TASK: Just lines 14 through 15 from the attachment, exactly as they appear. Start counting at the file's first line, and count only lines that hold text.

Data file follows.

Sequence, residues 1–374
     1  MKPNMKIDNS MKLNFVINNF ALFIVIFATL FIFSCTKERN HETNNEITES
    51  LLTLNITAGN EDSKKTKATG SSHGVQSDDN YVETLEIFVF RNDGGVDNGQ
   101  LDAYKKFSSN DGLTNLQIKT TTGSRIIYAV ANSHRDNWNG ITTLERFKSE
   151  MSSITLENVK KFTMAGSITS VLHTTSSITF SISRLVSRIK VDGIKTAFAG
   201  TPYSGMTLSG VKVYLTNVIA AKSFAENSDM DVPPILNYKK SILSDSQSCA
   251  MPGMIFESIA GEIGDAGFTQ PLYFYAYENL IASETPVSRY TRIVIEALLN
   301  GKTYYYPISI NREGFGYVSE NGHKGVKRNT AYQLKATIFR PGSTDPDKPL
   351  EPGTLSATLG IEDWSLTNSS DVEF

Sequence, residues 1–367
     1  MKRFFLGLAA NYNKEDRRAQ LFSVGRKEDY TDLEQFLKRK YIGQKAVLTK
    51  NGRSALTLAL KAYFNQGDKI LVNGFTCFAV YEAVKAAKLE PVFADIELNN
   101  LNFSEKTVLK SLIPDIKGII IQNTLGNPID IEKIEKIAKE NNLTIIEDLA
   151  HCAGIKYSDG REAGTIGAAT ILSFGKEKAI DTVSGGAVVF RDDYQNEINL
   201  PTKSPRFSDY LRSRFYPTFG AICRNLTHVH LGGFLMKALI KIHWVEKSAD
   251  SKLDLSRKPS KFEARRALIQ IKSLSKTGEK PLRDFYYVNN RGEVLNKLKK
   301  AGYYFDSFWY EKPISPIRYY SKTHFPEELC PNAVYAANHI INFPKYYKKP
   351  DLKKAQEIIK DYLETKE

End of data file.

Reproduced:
   151  HCAGIKYSDG REAGTIGAAT ILSFGKEKAI DTVSGGAVVF RDDYQNEINL
   201  PTKSPRFSDY LRSRFYPTFG AICRNLTHVH LGGFLMKALI KIHWVEKSAD